Keeping Hydrated when Training in Hot Conditions

Share

Question: In light of the recent and continuing heat wave, what is the best way for my son to thrive and survive in the heat with practices now and in August?
Answer: The schools, coaches and trainers of the area teams will have to take the unusual heat into consideration for their workout planning by scheduling practices earlier in the morning and later in the evening.
However, that still won’t be enough if the athlete does not take the time to hydrate. If an athlete begins to be thirsty then they are waiting too long to hydrate. Some of the signs of heat exhaustion and dehydration are little or no urine output, little or no sweating, headache, nausea and fainting. If you get to that point you will probably need IV fluids.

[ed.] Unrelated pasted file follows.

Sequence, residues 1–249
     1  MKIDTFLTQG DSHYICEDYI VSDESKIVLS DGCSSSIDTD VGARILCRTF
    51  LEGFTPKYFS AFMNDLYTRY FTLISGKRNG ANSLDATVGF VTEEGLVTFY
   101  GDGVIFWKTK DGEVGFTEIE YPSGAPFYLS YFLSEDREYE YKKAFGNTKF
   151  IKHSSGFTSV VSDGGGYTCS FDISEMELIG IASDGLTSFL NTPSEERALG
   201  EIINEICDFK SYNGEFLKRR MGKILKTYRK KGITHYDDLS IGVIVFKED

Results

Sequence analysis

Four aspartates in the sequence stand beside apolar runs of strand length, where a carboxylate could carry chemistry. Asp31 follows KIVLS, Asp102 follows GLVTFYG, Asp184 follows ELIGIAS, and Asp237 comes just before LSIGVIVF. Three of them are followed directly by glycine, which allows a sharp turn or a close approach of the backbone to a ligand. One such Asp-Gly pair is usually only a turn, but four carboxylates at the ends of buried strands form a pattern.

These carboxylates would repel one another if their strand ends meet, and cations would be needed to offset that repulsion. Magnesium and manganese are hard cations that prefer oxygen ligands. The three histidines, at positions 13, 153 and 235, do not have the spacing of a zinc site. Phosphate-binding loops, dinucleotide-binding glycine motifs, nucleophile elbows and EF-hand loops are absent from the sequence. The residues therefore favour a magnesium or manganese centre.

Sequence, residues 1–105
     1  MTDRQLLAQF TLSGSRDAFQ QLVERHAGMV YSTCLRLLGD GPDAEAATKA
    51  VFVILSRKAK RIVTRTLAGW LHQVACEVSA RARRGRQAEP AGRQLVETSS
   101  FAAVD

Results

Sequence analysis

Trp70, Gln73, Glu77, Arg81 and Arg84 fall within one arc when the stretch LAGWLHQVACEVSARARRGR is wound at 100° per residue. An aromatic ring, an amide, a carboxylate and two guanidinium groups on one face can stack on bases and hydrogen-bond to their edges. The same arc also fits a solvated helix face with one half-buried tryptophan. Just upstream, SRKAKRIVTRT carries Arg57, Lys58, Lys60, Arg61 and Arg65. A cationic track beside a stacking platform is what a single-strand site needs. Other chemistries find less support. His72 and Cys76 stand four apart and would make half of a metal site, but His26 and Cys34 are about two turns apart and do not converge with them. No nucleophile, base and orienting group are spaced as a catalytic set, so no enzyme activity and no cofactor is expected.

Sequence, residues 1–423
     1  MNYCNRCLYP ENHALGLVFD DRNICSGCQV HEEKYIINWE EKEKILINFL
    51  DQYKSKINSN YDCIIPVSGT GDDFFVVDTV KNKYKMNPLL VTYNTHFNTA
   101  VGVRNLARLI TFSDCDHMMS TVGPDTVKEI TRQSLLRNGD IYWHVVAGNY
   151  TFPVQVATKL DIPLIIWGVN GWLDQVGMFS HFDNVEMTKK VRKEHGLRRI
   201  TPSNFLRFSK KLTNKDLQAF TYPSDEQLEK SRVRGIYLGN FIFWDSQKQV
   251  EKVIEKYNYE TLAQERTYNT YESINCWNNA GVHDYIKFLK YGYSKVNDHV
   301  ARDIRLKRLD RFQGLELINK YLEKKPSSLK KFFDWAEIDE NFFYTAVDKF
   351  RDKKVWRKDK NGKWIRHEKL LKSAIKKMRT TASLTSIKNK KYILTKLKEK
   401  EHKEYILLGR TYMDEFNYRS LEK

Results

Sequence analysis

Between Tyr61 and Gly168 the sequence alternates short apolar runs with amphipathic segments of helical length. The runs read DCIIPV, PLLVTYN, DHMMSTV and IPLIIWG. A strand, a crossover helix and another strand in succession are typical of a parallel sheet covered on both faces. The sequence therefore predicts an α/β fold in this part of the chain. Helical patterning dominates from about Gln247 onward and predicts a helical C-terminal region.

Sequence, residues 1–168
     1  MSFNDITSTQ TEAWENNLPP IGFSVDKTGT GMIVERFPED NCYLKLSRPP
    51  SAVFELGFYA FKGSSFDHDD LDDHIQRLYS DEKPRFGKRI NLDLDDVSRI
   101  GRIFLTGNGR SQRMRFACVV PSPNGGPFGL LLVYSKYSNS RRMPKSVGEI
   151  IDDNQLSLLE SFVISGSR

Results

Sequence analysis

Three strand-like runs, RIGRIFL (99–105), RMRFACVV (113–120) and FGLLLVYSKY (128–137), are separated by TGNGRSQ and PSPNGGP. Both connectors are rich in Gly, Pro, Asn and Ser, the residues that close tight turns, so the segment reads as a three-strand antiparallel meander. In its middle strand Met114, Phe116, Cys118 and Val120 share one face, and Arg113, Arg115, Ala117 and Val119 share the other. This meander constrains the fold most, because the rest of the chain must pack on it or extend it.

The safest way to avoid dehydration is to drink at least a gallon of water the day prior to the practice. What you do the day prior to practice is the most important method to avoiding dehydration. Drink water and a light combination of one of the electrolyte replacement drinks the morning prior to practice, during practice and after practice. Avoid sugary drinks and diet drinks. Also don’t use energy drinks. These can place an usually heavy load on your body when coping with heat.
A level of 3% dehydration can result in a 10% decrease in athletic performance.
Use other external ways to keep cool as well, like towels soaked in ice water to place around your neck or across your legs. Taking off your shoes and socks and cooling your feet is another good way to beat the heat. Avoid extended periods in direct sunlight and seek shade as often as possible.
Water is most important, so drink it in large quantities to offset the huge fluid loss from sweating. Stay cool and if you begin to feel light-headed or unusual quickly inform your coaches and trainers.
God bless and keep training,
Daryl

Share